Clouds Across the Moon was written by accident. While searching for ways to prove to stupid people that they were wrong and we did go to the Moon (which they are and we did), it occurred to me that there had been weather satellites at the time of Apollo.
After a bit of searching, I discovered a variety of sources for satellite photographs, and set about matching them with Apollo images of Earth.
This turned into a long and ever expanding project trawling the internet for satellite photographs, video clips, newspaper photographs and any other source I could find and writing it up for every mission -
I’m not the only person this has occurred to, but this is the only place you’ll find a comprehensive analysis of each Apollo mission’s images of Earth. There have been many revisions along the way as I’ve found errors in my logic or new sources. The current incarnation is a work in progress to convert to mission days as the format, mainly to keep the page sizes more manageable and to allow for easier addition of new material.
The result is below. You can either read the entire pdf document or you can read through the web pages that I created from that pdf. Please bear in mind that the web version gets updated more frequently than the pdf, and some things (like video links) may be omitted entirely.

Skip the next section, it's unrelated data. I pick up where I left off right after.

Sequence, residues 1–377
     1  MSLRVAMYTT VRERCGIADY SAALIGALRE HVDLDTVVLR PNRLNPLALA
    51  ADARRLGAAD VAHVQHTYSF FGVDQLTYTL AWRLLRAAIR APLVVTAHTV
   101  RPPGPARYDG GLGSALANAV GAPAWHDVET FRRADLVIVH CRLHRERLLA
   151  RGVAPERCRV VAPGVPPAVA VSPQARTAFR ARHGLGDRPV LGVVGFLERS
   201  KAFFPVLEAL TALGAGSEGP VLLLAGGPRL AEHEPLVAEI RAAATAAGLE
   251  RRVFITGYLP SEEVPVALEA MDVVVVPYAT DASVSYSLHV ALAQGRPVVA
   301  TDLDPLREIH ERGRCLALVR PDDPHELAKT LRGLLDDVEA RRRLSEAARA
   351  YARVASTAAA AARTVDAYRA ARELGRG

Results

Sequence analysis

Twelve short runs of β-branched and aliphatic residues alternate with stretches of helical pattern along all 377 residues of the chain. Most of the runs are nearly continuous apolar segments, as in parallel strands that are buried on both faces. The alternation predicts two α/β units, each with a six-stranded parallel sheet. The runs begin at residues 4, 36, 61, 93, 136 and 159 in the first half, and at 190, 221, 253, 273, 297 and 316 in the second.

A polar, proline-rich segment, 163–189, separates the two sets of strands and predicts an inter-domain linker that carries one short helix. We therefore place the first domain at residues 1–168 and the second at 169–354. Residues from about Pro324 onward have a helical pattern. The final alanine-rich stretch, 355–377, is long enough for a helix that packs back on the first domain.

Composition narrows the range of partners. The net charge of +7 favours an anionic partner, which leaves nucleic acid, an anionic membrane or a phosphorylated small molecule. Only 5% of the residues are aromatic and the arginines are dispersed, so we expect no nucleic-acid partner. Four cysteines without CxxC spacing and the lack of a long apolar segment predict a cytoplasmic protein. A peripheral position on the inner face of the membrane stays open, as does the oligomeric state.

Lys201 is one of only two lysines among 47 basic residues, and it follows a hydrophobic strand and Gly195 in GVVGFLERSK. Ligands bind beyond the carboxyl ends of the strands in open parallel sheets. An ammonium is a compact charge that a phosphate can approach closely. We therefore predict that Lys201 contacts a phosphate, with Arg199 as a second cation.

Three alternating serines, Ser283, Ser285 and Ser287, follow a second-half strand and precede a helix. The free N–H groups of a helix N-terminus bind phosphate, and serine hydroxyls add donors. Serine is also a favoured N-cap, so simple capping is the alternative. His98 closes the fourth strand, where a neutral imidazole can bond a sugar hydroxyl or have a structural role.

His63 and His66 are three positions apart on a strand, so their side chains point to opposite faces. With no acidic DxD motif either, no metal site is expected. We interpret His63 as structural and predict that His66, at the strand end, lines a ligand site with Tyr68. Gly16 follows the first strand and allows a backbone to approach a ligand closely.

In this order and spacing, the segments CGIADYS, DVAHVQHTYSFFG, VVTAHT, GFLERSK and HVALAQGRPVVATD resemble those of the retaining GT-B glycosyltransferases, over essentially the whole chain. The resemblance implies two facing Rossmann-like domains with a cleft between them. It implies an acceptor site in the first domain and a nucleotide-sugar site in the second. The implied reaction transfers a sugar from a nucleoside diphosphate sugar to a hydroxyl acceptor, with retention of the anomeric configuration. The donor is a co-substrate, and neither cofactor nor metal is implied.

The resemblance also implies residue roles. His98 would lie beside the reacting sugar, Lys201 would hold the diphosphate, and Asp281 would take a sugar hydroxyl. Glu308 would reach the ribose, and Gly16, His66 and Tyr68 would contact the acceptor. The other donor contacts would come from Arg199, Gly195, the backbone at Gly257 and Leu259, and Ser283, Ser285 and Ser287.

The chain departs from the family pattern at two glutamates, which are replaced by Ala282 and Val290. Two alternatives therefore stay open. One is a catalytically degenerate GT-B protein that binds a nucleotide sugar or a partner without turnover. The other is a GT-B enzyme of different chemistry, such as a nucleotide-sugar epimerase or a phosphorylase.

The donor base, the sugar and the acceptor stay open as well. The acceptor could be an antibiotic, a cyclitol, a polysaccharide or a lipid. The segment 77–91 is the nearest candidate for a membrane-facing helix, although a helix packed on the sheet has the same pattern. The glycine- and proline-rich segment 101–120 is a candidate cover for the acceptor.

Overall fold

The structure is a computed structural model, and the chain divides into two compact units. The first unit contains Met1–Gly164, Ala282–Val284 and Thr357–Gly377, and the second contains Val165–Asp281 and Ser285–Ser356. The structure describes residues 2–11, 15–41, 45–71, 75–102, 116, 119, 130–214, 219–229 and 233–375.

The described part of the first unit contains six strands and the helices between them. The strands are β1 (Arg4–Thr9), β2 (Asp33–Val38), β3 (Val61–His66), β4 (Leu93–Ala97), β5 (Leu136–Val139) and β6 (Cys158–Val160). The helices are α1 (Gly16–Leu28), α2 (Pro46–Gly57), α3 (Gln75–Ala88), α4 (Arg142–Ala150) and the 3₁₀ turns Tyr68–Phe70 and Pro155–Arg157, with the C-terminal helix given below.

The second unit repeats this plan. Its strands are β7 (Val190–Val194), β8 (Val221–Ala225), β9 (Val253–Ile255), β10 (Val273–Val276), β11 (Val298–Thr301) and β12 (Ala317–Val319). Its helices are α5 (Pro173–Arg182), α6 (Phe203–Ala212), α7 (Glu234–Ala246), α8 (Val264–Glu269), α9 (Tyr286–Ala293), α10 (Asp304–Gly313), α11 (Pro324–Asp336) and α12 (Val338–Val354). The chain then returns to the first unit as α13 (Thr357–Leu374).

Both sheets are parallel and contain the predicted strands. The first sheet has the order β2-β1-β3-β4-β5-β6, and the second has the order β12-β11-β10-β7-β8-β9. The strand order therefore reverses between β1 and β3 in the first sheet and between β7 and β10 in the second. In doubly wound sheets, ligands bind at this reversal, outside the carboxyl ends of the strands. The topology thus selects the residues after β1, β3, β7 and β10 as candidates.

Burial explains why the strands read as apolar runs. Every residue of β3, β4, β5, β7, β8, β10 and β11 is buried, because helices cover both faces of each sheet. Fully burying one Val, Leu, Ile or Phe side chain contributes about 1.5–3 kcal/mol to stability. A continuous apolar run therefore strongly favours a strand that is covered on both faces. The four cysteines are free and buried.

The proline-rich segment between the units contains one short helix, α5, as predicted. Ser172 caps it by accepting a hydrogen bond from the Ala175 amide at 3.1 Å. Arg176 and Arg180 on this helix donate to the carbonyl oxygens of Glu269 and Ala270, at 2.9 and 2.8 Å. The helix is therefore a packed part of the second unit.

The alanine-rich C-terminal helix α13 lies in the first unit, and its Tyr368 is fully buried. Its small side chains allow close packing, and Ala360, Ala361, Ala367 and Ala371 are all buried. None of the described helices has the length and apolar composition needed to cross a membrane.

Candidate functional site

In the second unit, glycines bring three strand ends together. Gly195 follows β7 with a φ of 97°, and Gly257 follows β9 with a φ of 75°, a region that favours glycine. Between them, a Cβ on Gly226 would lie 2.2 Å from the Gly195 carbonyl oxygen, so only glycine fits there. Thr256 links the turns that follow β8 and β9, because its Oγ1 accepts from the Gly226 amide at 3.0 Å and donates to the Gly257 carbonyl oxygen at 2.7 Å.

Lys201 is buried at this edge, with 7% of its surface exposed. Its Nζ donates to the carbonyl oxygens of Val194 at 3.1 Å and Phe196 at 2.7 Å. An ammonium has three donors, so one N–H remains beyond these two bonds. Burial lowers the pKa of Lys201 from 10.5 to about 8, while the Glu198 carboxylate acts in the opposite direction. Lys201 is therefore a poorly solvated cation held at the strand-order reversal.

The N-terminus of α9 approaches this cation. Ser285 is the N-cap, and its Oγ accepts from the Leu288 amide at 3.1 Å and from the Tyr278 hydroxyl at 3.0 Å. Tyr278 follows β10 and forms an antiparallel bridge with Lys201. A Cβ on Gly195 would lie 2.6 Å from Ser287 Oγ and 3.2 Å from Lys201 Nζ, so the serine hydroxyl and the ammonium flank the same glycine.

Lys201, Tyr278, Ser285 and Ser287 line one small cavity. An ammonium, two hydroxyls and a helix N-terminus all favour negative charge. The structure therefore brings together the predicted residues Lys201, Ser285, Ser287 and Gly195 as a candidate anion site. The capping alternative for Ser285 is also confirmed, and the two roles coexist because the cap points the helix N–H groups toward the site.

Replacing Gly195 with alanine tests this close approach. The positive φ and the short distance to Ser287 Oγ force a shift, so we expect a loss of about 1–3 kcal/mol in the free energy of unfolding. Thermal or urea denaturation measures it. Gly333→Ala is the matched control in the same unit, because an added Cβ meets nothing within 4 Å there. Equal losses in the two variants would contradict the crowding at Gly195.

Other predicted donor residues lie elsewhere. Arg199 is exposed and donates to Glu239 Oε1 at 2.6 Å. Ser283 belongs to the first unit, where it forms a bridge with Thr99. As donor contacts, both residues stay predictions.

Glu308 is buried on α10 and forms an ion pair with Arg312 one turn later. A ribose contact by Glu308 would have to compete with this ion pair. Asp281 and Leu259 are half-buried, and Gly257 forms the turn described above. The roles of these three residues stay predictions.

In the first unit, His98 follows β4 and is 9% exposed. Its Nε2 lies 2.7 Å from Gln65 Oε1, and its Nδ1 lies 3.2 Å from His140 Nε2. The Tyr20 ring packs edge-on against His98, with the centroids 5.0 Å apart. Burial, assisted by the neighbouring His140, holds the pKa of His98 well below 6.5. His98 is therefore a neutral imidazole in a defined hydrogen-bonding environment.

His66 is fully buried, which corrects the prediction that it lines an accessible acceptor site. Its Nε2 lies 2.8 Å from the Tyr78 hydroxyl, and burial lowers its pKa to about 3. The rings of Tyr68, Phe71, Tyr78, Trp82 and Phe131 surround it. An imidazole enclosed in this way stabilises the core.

Each mission is covered in turn, starting with the lunar ones. Missions are divided into calendar days, with launch day being day 1, regardless of how close to midnight the launch is. Day 2 starts on the midnight after launch. Figures are numbered related to the day they are examined on, which makes for complex looking numbers, but it is much easier to add new information as and when it’s uncovered.
It’s not perfect, I may still be wrong in my interpretation in places, but one fact remains: we went to the moon, the photographs of Earth are proof of it.